All of which reminded me of an enquiry I once received from a school, as part of my previous life. The school in question wanted to subscribe to a package of learning materials and resources provided by a regional broadband consortium (RBC) elsewhere in the country, i.e. other than the one it was a member of. A perfectly reasonable question, given that the interconnection of RBC networks via the SuperJANET backbone makes this theoretically possible, but not currently practical, given the way connectivity and services are currently bundled for schools. There are some lessons for education here perhaps – separating the provision of connectivity (which is best delivered locally) from the provision of services (which could be delivered from anywhere, bandwidth permitting) would provide schools with a greater degree of local choice? The difficult bit would be preventing carefully worked out school broadband costs from unravelling completely of course.
Anyway, back to Herefordshire…Dale Barnes of Virgin Media spoke next, reporting on Virgin Media’s trialling of RFoG (radio frequency over glass) technology. Essentially, this provides a means to deliver a range of services over a single fibre, requiring only different equipment at customers’ premises depending on their choice of service. So Virgin Media can deliver both BT’s and its own NGA consumer services over a single fibre, proved as part of its trials of overhead fibre deployment via Western Power’s electricity pylons in Cwmbran/Crumlin, South Wales. Interestingly, Dale stressed that Virgin Media has no interest in owning or managing the fibre in such instances. For obvious safety reasons the company would much prefer to leave that to the power company or distribution network operator (DNO).
Later sessions covered demand issues and case studies, with much frustration expressed both over the current state of broadband in Herefordshire and the perceived shortcomings of the strategy for the pilot. The potential impact of broadband on Herefordshire’s economy was referenced throughout, with broadband described at one point as “the simple basic bedrock for economic regeneration”. Case studies included BT’s managed healthcare solution in Wakefield (memorably described by one beneficiary as “technology that stops you from being alone”), videoconferencing successes in Herefordshire schools and the constraints that the current lack of NGA creates for a local engineering firm. I thought this last one was particularly striking.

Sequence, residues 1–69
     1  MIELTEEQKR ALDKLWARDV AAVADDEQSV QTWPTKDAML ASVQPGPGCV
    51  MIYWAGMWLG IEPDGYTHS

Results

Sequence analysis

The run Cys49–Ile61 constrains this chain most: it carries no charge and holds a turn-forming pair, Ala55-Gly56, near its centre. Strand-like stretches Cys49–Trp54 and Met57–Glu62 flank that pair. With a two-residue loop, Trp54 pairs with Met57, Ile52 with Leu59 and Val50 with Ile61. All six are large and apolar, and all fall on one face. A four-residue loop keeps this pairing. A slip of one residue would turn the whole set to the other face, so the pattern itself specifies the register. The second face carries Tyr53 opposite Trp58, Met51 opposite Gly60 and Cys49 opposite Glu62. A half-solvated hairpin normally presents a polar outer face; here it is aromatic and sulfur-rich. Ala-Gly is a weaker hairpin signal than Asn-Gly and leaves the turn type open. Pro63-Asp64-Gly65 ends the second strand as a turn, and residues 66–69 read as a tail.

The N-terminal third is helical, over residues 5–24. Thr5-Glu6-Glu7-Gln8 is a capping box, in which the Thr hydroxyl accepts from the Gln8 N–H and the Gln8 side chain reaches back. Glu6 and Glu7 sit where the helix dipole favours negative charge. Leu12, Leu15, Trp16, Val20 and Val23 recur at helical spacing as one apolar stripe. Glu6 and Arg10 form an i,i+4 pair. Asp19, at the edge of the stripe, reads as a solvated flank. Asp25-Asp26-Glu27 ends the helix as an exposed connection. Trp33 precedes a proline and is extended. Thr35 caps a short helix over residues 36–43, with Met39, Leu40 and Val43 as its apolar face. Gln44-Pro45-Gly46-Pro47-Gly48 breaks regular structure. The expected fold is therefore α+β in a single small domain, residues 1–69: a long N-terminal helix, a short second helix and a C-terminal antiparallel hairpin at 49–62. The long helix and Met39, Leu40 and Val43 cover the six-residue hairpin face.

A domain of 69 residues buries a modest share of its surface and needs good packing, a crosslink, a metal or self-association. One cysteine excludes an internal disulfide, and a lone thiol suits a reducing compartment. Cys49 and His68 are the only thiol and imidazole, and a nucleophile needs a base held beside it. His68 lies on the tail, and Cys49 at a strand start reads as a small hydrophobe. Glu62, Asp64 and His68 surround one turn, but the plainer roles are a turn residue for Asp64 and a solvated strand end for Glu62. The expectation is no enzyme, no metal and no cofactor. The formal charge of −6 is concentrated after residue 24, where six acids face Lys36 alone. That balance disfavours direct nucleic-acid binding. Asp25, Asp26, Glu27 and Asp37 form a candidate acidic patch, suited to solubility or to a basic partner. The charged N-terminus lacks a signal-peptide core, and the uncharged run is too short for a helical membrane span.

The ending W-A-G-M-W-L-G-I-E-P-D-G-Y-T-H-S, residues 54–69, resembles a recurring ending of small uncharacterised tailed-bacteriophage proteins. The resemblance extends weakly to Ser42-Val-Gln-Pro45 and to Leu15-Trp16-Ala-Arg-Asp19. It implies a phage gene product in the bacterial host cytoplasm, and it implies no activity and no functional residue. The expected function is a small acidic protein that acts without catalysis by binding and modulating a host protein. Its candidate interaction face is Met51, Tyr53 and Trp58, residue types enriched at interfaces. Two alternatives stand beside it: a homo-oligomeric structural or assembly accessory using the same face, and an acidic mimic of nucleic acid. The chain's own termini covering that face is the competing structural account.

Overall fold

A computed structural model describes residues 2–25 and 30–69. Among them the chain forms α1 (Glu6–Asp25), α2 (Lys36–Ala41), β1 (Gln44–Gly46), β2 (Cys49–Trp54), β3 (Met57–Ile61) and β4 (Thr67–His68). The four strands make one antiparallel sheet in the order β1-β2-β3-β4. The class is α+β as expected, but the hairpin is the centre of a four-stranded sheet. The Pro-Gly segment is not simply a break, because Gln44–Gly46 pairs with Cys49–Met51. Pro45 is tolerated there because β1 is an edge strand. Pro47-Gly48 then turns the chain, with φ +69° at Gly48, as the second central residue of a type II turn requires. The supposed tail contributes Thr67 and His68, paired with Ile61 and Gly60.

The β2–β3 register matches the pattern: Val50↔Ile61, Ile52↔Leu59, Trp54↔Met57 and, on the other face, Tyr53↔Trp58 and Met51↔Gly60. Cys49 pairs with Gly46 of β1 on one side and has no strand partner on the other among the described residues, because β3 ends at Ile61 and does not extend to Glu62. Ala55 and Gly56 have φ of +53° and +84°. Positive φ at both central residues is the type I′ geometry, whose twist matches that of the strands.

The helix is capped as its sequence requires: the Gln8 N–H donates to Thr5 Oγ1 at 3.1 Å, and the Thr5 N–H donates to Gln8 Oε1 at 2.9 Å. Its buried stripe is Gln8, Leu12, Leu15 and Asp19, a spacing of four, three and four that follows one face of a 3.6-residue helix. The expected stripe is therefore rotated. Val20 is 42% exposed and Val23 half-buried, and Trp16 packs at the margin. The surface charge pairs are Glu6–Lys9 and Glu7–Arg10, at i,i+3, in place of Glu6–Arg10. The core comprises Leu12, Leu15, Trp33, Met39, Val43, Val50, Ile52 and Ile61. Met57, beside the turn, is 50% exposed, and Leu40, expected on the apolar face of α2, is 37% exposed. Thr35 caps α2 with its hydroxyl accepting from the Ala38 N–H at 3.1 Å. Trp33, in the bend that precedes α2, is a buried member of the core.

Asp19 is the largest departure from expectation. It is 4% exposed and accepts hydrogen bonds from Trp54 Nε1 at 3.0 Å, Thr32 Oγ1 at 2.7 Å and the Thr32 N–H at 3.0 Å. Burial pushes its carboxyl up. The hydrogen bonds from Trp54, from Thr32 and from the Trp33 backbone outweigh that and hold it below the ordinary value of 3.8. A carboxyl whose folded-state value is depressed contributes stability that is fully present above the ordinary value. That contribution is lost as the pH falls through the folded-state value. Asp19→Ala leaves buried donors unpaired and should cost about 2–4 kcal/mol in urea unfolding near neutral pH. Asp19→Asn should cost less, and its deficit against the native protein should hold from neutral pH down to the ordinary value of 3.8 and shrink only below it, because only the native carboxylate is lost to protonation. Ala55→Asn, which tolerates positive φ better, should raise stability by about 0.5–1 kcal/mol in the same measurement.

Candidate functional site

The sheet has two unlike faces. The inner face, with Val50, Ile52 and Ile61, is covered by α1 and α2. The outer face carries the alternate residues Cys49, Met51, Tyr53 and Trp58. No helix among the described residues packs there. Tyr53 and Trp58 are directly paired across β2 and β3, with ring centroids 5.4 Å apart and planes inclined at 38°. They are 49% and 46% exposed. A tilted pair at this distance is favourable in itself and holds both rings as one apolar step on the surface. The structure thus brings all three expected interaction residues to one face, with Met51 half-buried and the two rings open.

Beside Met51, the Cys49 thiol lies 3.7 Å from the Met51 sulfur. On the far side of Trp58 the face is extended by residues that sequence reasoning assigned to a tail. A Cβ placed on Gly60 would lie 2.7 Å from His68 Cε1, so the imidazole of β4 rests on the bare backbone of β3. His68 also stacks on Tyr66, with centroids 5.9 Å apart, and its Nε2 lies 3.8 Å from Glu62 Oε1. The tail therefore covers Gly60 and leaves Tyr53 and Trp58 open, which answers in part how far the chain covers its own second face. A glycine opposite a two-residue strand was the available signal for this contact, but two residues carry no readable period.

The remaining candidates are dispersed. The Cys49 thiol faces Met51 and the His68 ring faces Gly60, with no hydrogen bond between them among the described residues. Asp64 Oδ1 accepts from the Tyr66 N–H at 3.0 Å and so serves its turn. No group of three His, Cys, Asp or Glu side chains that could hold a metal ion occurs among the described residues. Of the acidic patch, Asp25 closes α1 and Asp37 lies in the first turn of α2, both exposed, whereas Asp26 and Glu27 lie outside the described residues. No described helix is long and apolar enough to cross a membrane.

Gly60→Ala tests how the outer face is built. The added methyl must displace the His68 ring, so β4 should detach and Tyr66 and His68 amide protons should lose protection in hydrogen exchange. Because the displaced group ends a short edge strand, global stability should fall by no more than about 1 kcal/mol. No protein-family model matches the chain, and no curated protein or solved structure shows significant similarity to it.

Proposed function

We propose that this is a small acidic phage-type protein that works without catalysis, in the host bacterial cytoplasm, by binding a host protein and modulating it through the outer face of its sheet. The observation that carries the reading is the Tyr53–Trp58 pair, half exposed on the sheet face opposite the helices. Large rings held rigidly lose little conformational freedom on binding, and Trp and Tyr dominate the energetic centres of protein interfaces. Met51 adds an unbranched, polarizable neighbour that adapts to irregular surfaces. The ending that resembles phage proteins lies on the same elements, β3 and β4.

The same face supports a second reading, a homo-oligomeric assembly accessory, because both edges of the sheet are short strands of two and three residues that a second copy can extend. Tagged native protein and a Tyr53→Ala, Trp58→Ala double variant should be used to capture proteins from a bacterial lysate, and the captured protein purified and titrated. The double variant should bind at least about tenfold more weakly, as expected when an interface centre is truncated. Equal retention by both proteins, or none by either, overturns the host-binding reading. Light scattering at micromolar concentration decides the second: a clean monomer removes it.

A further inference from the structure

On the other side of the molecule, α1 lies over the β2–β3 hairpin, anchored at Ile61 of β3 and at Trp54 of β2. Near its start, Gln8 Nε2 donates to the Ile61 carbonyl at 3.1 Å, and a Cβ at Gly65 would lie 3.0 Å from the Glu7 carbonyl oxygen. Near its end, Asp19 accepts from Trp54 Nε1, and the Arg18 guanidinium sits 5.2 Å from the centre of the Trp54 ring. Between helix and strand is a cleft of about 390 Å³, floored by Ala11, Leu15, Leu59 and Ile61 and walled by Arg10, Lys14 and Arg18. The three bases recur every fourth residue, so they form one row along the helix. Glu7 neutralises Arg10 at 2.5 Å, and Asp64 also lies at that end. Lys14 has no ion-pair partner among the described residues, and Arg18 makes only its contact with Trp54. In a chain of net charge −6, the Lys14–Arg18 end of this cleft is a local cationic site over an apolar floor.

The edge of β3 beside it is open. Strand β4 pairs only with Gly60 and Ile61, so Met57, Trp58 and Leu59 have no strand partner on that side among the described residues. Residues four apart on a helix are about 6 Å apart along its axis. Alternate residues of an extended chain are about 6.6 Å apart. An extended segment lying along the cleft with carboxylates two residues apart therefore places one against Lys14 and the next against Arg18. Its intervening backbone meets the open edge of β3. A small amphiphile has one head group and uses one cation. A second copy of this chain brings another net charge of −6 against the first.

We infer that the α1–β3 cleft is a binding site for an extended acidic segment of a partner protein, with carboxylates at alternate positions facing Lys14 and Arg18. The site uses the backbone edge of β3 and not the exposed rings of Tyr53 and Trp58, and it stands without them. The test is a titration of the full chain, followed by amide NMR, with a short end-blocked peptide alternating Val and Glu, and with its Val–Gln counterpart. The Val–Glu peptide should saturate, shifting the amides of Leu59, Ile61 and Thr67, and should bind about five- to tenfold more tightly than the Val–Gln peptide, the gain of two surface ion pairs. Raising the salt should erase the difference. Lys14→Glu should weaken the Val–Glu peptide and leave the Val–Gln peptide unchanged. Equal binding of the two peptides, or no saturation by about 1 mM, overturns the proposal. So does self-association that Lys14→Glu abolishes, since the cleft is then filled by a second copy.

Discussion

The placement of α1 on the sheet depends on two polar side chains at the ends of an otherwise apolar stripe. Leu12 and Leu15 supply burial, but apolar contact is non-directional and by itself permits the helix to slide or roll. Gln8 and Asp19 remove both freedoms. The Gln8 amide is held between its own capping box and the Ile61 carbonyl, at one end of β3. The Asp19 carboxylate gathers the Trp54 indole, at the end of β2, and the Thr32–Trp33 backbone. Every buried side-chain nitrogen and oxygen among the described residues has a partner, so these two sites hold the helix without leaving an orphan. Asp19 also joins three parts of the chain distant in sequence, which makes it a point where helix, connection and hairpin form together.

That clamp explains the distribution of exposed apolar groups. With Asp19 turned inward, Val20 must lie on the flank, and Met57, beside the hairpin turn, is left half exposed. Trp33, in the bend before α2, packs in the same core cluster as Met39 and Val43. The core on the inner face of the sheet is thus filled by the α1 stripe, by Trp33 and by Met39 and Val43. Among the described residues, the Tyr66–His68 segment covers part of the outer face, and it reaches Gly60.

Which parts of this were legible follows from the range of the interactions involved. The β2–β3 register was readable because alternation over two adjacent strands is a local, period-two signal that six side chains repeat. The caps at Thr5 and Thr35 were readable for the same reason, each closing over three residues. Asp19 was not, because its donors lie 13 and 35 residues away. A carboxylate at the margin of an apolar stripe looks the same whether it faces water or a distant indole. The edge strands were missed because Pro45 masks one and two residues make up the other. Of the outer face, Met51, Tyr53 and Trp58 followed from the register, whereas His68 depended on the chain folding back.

Leading Edge Turbines needs to exchange many large files with its manufacturers as part of the design process (for example, files detailing the stress analysis of a component may exceed 500MB), underlining the importance of symmetric connectivity and not just download speeds for businesses. The firm also provides a remote monitoring and diagnostic service for its products (which are often used in remote locations making engineer visits difficult and expensive), and will need to ensure sufficient bandwidth is available to support this service as the installed base of their products grows.
I thought this was another truly excellent example of how the broadband debate needs to move from the general (“broadband is a good thing”) to the specific – NGA levels of performance, capacity and reliability are needed to run the set of applications and services Leading Edge Turbines needs to be successful, or the company simply won’t be able to compete. See this previous post for more on this, based on examples from the healthcare sector in this instance.
Clear, irrefutable evidence is needed to demonstrate once and for all that NGA is about so much more than the iPlayer in HD, and also to show how NGA can bring about a panoply of long term benefits, cost savings and economic gains which far eclipse its initial installation costs. It would be terrific if BDUK’s pilots revealed loads more examples like this one, especially if the issues companies like Leading Edge Turbines currently face start to be addressed as a result of the pilots. Fingers crossed that they will.